Napa Valley’s most famous vineyard To Kalon is a perfect example.  To Kalon is Ancient Greek for “the highest beauty”, this vineyard  provides Robert Mondavi Winery with most of the grapes for its world-class Cabernet Sauvignon Reserve,  and is the exclusive source of Sauvignon Blanc.  You begin to realize just how romantic and powerful this term “terroir” becomes as your personal relationship with wine evolves.   

The Colchagua Valley of Chile is on the west coast of South America and enjoys a Mediterranean climate that is somewhat unique when it comes to wine country terroir.  Chile is a melting pot of European influence that runs north to south on the West Coast of South America and is 2,600 miles in length, but it is only 100 miles wide at its widest point.  There is a heavy influence of German, Spanish, English, and French that have taken up residence and enjoy this wonderful Mediterranean climate.

The Colchagua Valley wine region has four clearly defined seasons which is rare and exists at only four other points around the world: the Mediterranean coast; the California coast; the Cape of Good Hope; and the southeast coast of Australia. The climate in Chile falls somewhere in between that of California and Bordeaux.  Rich aroma and flavor in the wines of this valley are the result of Pacific maritime influence and breezes from the Andes Mountain slopes that move through the vineyards.

Cabernet Sauvignon, Merlot, Syrah, and Carmenère are the most widely planted red grape varietals in the Colchagua Valley.  In 1996 Chile exported 100,000 cases of wine to the United States and today that number has increased to 7 million cases. The quality and value of wines from Chile speaks for itself which is duly noted by the increased exports.

Chilean wines adhere to the European Union label requirements.  The wine must contain 85% of the grape variety, vintage, and domaine of origin (D.O.) that are indicated on the label.

Argentina is the largest wine-producing country of South American and the fifth largest producing country in the world.  With 300 days of sunshine and an average of only 8 inches of rain each year the Argentinians have established an elaborate irrigation system fed by runoff from the snow-capped Andes Mountains.

The Jesuit missionaries began making wine in the mid-fifteen century in the Mendoza region of Argentina.  The Uco Valley (pronounced ooko) of Mendoza produces mainly Malbec, Tempranillo, and Cabernet Sauvignon.  Argentina is widely recognized throughout the world for their outstanding Malbec wines that offer a real bargain for the wine consumer.  The Mendoza region has over 70% of the total 500,000 vineyard acres planted in all of Argentina.  There are over 600 vineyards located in Mendoza.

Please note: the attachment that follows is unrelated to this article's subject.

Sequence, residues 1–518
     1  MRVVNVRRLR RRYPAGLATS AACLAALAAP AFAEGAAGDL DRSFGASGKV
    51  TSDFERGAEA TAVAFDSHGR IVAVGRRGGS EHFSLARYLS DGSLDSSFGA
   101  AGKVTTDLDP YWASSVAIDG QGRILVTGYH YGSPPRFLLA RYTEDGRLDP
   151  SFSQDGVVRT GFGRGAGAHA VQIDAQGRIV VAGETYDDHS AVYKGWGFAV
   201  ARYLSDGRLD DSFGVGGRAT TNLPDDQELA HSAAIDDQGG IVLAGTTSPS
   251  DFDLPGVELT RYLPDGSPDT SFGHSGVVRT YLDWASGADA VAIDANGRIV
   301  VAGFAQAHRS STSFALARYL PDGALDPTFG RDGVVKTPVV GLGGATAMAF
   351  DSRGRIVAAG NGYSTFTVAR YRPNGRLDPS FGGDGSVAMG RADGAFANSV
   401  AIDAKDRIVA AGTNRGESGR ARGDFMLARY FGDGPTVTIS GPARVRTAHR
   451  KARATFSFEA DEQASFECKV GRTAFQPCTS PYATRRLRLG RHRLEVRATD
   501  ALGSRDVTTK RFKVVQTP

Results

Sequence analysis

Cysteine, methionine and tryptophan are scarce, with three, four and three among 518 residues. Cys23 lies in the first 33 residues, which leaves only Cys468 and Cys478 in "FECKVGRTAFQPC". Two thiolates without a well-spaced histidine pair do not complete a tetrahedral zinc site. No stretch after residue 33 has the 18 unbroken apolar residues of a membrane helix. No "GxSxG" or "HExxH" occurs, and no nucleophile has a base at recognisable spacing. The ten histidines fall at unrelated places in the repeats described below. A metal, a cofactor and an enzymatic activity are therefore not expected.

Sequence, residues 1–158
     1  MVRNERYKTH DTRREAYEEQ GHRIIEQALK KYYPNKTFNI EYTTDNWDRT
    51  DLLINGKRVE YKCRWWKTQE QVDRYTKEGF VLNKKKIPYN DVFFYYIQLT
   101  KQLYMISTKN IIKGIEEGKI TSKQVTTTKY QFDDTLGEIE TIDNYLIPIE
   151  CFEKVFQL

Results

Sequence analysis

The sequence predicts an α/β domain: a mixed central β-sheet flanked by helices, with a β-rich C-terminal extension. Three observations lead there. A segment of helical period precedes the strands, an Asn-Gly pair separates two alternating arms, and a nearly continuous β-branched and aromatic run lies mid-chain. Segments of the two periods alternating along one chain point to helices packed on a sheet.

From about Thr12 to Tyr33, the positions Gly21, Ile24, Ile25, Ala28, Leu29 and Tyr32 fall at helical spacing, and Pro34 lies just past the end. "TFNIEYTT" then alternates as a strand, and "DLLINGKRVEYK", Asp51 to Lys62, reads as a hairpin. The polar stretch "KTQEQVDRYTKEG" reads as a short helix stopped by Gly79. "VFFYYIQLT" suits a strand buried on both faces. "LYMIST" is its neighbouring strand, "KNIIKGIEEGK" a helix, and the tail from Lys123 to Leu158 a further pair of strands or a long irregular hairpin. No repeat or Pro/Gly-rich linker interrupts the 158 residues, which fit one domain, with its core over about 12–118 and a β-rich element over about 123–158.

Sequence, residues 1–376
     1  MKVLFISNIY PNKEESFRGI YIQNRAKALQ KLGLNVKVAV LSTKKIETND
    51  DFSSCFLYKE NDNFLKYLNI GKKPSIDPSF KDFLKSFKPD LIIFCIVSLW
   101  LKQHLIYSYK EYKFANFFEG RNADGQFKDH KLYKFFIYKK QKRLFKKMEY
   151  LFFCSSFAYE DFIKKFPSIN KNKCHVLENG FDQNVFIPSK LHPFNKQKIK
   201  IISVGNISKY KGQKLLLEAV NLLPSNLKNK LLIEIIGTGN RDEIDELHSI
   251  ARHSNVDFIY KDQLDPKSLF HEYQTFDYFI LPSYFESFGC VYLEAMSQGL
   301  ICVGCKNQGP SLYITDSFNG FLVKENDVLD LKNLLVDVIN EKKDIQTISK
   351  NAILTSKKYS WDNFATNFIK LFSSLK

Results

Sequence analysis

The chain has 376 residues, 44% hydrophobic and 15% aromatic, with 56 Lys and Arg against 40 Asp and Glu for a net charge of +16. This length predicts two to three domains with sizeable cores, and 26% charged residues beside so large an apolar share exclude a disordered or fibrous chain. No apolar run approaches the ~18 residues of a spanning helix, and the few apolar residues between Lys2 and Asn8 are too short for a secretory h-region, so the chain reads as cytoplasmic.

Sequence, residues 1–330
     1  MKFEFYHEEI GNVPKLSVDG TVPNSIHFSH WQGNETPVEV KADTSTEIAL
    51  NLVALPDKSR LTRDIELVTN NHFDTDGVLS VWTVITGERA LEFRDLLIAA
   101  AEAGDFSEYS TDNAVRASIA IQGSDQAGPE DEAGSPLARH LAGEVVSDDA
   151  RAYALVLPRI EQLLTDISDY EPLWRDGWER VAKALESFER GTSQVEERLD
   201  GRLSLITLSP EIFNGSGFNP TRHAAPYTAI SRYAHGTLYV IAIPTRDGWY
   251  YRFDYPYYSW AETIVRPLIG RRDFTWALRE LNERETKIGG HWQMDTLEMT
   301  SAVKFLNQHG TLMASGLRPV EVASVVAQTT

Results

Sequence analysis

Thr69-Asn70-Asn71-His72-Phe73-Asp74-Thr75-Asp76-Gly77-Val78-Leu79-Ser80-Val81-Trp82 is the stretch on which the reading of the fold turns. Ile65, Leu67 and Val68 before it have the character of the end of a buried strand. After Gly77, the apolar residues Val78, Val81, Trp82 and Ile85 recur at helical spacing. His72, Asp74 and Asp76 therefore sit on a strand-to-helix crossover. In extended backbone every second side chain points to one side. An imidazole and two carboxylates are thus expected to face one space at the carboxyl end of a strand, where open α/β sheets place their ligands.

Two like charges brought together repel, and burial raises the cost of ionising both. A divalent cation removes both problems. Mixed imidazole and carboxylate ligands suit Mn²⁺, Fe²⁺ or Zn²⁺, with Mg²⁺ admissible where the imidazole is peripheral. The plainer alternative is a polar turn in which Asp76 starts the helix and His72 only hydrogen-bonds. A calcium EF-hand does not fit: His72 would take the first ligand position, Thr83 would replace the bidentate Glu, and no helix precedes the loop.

The grapes in this Mendoza region are planted at high altitude near the base of the Andes Mountains.  With hot days, cool nights, and breezes from the mountains producing beautiful fruit that is concentrated and naturally acidic.  The result is excellent wine that is balanced and well structured.

When you read the label on the bottle of Argentinean Wine the grape that is listed is 100% of that varietal.  The Malbec wines from this region offer tremendous single varietal focus and in the hands of a great winemaker will leave you with a memorable finish on your palate and in your mind.

In tasting both the 2009 Quatro blend and 2009 Killka Malbec wines you will discern a very distinct style of winemaking.   The difference in these two wines is very representative of Chilean and Argentinean wines.  Chilean wines have a tendency toward big, rich, full-bodied wines whereas Argentinean wines typically are concentrated, focused, and a bit less refined. 

Here are two outstanding examples of South American wines of exceptional value.  The first is a Chilean red blend from Viña MontGras; the 2009 MontGras Quatro is a blend of 50% Cabernet Sauvignon, 20% Malbec; 15% Carmenère, and 15% Syrah.  This wine is a deep ruby color in the glass and on the nose offers aromas of fresh-roasted coffee, dark fruit of black currants and cherries, leather with a hint of vanilla.  When you smell this you know you want to taste it, and you won’t be disappointed.

This wine on the palate is full-bodied, rich, soft, supple, and round.  There is a very nice balance of fruit and acid which allows it to pair well with food.  This wine is not so big and over extracted that it will over power you or your food pairing.  The Quatro serves up a long, luscious, and lingering finish.  This wine is under $15.00.  Pair this wine with grilled Top Sirloin or Prime Rib.